A novel sentencing method for guilty fixers

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New World Cricket Watch columnist Matthew Wood, from Balanced Sports, takes a novel approach to the match-fixing crisis facing cricket

After hearing several voices espousing potential punishments for players found guilty of spot -fixing, I thought perhaps it’s time to take a novel and contextual approach as to how to deal with these “fixers”. I think everyone agrees that those guilty of putting themselves before the integrity of the sport which made them so wealthy should be banned, the question though is for how long?

Do immediate lifetime bans work? That most gambling-related bans have occurred in the last ten years seems not to have dissuaded the current crop of alleged bribees, making them either super-naive, super-stupid or super-arrogant. Life bans handed out to Mohammed Azharuddin, Salim Malik and Hansie Cronje have left little or no impression on those allegedly fixing since.  Mohammed Amir was 9 years old when Malik was banned, old enough to know that the Pakistani ex-captain had been “in the wrong”. Even if he wasn’t aware of it at the time, fixing has been the bane of subcontinental cricket for much of the past twenty years meaning the responsibility for informing the players falls directly on the shoulders of the control boards.

That Pakistan and India have been the centre of most of these allegations is quite obvious, giving an indication of the roles that their boards must play in stamping out this scourge. That cricket plays such an important role in the mass-psyche of these countries also cannot be ignored. Perhaps it’s time to start holding players and officials accountable for the hopes and dreams of their nations.

The Pakistani average per capita income has been announced for 2010 at somewhere around 2600 International dollars, with International dollars being hypothetical money used for comparative purposes only. Compared to other cricketing nations, that’s miniscule; using International dollars, Pakistan ranks 130th worldwide in average income, smack-bang between economic powerhouses Nicaragua and Uzbekistan.  This International dollar total equates to somewhere around $US 1000.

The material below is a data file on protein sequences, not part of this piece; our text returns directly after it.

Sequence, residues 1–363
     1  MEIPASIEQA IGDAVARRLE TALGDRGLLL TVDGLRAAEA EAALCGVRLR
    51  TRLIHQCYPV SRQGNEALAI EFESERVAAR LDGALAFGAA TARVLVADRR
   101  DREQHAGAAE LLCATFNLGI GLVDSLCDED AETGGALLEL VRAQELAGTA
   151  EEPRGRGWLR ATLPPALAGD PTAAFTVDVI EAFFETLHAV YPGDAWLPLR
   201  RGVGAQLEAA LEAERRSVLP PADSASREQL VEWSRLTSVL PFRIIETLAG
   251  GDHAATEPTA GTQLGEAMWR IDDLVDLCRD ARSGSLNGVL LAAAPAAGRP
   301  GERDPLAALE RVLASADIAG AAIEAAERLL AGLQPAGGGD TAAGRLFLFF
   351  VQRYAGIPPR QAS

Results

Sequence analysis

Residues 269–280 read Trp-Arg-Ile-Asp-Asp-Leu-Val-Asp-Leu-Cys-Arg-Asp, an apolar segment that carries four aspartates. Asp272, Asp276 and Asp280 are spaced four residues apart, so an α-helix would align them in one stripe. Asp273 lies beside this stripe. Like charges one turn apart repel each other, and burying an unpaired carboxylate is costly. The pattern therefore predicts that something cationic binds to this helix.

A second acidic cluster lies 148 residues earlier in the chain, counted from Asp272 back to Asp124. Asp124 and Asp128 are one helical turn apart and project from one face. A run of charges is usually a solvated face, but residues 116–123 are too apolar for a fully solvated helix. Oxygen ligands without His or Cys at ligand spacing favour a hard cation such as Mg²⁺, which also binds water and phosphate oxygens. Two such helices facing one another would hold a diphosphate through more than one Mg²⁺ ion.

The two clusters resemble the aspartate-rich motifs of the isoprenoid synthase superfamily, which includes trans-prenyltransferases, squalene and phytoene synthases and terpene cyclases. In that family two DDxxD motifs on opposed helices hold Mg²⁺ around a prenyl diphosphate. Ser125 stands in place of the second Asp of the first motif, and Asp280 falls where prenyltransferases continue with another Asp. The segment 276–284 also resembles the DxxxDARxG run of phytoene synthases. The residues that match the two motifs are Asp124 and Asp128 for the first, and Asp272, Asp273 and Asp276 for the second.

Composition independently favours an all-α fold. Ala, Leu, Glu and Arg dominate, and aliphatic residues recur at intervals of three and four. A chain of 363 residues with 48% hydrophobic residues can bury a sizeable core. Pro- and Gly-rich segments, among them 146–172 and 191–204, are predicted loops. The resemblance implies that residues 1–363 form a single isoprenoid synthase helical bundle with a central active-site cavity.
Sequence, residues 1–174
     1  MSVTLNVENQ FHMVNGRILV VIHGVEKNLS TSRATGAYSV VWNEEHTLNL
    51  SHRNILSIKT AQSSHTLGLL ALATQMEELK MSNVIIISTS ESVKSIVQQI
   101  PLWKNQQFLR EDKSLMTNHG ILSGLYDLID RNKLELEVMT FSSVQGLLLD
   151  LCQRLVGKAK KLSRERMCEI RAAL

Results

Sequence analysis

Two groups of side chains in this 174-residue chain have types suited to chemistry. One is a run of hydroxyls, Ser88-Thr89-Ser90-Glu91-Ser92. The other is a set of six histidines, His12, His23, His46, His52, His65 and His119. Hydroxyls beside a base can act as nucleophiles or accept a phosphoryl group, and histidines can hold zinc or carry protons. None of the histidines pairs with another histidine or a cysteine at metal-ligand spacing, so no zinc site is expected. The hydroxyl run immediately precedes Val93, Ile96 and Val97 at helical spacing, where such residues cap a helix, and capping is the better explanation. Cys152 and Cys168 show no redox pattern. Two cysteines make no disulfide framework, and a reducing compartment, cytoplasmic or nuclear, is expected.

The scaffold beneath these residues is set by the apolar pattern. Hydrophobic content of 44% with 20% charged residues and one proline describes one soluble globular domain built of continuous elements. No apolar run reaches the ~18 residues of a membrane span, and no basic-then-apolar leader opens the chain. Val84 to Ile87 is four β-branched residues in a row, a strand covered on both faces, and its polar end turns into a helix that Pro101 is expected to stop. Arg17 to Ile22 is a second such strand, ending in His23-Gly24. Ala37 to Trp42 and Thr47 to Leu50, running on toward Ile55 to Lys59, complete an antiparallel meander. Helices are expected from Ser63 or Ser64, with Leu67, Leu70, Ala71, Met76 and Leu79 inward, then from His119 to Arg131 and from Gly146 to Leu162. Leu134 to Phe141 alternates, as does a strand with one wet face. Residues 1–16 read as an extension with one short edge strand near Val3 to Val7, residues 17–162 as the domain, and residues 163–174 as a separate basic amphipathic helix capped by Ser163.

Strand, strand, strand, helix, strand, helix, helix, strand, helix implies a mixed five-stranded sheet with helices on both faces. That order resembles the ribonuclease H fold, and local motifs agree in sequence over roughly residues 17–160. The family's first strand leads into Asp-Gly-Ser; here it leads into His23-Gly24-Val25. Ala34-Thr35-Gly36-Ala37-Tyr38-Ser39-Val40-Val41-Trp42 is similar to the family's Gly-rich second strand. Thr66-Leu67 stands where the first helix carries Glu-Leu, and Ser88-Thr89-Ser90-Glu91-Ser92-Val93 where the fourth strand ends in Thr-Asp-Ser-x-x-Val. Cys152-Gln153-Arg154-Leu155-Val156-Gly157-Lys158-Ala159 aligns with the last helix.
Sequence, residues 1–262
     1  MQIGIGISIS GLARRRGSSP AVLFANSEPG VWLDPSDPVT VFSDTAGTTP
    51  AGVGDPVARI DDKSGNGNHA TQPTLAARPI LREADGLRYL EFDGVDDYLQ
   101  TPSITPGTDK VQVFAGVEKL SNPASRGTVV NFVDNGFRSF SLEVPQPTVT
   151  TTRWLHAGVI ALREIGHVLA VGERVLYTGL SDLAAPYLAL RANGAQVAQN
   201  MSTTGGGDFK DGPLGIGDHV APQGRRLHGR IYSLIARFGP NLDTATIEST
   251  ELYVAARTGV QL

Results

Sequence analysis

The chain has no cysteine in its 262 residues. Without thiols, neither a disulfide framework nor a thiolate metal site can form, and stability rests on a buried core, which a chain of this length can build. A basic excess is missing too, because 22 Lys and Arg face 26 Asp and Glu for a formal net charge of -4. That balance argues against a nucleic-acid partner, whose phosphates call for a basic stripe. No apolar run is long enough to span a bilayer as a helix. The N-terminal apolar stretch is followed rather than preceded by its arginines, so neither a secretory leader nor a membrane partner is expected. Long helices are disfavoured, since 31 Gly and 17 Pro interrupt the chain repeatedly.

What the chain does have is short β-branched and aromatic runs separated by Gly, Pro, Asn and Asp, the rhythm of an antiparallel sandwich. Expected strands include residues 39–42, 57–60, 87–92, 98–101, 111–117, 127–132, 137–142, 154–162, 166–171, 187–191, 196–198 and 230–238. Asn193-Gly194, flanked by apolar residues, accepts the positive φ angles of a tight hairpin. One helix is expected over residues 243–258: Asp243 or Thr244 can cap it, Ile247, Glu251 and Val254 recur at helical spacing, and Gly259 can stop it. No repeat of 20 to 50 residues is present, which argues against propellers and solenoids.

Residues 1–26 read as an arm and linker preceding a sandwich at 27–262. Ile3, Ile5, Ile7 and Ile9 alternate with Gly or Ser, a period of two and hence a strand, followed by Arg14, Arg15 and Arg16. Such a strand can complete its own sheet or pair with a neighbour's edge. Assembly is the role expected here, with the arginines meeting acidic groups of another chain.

Major Test-playing country Per Capita Income (International $) Rank (Worldwide) Per Capita Income ($US) Rank

(Worldwide)

Australia 38911 10 45587 11
England 34619 19 35334 22
New Zealand 26708 33 27259 27
Barbados, Jamaica & Trinidad/Tobago (avg.) 15575 (Would be 50) 10992 (Would be 51)
World Average 10366 Would be 76 8600 Would be 60
South Africa 10244 77 5824 73
Sri Lanka 4769 113 2041 119
India 2941 128 1031 139
Pakistan 2600 133 1017 140

(source: International Monetary Fund 2009 tables)

The table above paints a stark picture. It would be much worse had Zimbabwean cricket not collapsed so horribly seven years ago – the average annual per capita income there has fallen to only $US 375. There’s no question as to why subcontinental, African or even Caribbean cricketers could be tempted to take the money on offer – if a gambler lays on $US 50,000 then that’s more money than the average Pakistani could earn in 45 years. To put it another way, those 45 years comprise give or take two-thirds of the average lifespan in Pakistan. When compared to an Australian it’s no wonder that the Western cricketing establishment doesn’t seem to be as tempted. The same $US 50,000 makes up one year’s income for the average Skippy, hardly worthwhile throwing a career away for when the money from endorsements, central contracts and other miscellany can last a lifetime.